From the January/February issue of HealthCare Business News magazine
By Matt Adams and Katie Regan
Integration and interoperability were health care buzzwords in 2015, and we expect this to be the case for 2016.
However, these words are often used interchangeably, much like electronic medical record and electronic health record (EHR) were a decade ago. On June 9, 2005, the Healthcare Information and Management Systems Society (HIMSS) Integration and Interoperability Steering Committee defined both terms: Integration: “The arrangement of an organization’s information systems in a way that allows them to communicate efficiently and effectively, and brings together related parts into a single system.”
Interoperability: “The ability of health information systems to work together within and across organizational boundaries in order to advance the effective delivery of health care for individuals and communities.” Integration must occur before interoperability, but the two are tied closely together, and providers will face many challenges when it comes to implementing technology.
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Health care systems need to be aware of several key security issues when implementing or integrating technologies. Navigation of these integration challenges requires standards, implementation of emerging technology and collaboration.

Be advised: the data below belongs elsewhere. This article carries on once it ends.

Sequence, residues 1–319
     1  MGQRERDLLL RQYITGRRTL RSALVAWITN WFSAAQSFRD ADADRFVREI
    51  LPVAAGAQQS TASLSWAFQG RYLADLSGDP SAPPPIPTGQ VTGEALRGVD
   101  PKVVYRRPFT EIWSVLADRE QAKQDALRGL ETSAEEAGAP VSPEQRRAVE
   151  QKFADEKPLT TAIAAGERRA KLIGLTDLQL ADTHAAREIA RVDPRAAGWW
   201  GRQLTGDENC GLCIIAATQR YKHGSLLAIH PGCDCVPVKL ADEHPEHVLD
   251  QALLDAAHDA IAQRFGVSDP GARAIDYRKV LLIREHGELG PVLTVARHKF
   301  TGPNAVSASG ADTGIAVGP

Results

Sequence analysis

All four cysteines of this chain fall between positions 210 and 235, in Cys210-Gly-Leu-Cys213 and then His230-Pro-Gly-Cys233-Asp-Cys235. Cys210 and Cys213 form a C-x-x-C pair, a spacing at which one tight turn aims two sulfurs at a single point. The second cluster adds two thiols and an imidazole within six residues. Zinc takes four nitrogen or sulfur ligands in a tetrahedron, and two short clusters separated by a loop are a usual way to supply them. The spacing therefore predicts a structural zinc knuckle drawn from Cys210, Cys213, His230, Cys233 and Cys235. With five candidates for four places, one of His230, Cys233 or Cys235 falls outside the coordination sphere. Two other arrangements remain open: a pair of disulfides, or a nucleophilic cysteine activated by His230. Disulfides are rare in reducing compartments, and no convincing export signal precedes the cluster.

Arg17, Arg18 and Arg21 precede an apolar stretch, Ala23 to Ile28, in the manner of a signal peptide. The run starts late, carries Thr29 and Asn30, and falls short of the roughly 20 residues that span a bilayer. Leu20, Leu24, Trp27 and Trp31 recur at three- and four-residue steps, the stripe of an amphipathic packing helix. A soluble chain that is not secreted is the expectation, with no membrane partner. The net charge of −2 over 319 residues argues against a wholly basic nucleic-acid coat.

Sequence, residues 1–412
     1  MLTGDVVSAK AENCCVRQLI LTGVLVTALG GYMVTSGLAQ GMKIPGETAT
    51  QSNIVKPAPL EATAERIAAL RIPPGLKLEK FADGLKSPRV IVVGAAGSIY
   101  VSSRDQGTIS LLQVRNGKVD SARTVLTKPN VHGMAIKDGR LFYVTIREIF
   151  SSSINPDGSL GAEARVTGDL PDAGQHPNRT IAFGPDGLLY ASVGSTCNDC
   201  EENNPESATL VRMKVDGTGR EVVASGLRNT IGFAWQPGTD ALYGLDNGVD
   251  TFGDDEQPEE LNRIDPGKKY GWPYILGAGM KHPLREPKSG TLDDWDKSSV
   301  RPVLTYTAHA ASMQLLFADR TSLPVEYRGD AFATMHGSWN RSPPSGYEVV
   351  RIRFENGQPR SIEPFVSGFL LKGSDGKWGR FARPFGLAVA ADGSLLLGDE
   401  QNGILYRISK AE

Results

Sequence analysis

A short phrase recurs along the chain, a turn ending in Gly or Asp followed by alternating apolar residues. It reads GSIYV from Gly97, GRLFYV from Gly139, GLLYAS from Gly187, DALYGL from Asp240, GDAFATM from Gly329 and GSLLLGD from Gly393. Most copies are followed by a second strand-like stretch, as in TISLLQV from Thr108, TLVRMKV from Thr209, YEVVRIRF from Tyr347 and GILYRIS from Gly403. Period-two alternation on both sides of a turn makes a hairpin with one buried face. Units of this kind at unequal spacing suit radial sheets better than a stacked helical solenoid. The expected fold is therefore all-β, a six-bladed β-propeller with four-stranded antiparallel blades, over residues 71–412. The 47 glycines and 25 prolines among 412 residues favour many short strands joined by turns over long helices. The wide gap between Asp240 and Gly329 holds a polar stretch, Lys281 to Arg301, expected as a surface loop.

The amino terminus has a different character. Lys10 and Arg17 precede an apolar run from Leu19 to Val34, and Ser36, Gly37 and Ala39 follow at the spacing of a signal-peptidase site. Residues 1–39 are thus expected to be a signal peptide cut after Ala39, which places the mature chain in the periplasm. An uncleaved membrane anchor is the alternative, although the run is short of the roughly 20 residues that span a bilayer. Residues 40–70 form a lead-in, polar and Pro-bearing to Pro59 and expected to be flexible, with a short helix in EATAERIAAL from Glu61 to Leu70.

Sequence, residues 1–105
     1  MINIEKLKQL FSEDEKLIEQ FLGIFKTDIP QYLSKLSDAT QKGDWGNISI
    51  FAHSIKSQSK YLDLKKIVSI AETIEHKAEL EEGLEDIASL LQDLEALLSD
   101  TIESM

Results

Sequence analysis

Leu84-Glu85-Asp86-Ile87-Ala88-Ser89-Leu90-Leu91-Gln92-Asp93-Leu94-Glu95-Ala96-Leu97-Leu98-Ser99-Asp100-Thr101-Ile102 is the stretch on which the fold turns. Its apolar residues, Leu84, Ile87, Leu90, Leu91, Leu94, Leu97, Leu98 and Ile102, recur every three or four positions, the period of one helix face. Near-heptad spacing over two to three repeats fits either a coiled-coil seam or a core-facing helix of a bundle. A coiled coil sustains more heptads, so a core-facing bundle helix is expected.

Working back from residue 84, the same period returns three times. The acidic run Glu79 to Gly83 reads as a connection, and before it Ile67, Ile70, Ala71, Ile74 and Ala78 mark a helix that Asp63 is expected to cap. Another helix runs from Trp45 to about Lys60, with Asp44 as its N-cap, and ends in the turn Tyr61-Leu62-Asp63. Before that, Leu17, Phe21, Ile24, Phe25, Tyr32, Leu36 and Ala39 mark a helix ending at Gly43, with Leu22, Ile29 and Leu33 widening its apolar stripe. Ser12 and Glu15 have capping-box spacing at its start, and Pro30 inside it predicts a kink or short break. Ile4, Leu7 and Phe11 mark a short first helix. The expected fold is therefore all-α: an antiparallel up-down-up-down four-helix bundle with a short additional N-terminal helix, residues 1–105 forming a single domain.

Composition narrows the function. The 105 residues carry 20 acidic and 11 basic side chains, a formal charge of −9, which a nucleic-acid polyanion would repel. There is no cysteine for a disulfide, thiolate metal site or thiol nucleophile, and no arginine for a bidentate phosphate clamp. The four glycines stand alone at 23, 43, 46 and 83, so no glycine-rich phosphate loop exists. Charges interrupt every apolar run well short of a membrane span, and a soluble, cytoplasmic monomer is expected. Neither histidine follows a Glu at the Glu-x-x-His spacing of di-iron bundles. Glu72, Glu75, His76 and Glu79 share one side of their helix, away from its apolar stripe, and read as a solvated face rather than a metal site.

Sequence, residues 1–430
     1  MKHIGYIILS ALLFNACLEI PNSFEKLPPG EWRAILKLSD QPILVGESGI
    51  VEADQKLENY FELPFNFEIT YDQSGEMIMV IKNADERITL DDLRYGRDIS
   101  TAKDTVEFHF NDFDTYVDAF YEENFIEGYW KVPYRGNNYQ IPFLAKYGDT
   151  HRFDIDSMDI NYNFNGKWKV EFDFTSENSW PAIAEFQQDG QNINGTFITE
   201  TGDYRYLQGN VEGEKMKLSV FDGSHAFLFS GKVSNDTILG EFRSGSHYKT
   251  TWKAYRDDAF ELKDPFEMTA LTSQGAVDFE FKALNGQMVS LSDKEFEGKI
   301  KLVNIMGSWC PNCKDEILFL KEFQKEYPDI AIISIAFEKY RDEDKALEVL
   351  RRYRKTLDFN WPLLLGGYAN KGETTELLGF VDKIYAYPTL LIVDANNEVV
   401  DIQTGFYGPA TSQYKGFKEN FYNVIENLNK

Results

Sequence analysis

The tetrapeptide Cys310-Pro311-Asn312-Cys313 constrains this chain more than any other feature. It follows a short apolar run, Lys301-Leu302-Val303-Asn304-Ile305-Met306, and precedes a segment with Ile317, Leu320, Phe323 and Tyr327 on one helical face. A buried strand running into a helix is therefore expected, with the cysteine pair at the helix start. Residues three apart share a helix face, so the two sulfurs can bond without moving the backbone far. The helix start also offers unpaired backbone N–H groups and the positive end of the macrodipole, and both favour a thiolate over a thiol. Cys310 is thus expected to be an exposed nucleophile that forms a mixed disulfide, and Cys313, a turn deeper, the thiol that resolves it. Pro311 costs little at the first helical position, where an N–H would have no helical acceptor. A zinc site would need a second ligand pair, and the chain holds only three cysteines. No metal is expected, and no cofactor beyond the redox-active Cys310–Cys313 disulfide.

Integration security concerns
As health care has become more complex and IT has become more sophisticated, security concerns have grown. Increasingly, we are seeing security and privacy issues in the headlines. These breaches are costing providers millions of dollars to address. In some cases, legal actions and heavy financial penalties are applied. To address security concerns, it is important to identify the most common issues that arise when integrating technology.
Lack of agreement on protocols for integrating systems and devices.
Health care systems and health care vendors have to agree on the type of protocol used to integrate systems and devices. For example, will they use VPN tunnel, FTP, SFTP, SSL and HTTPS? The costs to connect systems and devices range from a few thousand to hundreds of thousands of dollars. Although authentication and other security features are built into the protocols, there are still areas that health care IT professionals need to address, such as the data, itself.
Health Level 7 (HL7) as a protocol lacks built-in security and authentication.
HL7 refers to the seventh level of the International Organization for Standardization (ISO) seven-layer communication model for Open Systems Interconnect, according to Health Level Seven International. HL7 provides a set of standards that “improve care delivery, optimize workflow, reduce ambiguity and enhance knowledge transfer among all stakeholders,” according to the January 2015 Working Group Meeting. HL7 was built at a time when intra-system communication authentication (point-topoint), such as a lab system passing information to a hospital billing system, was not a focus.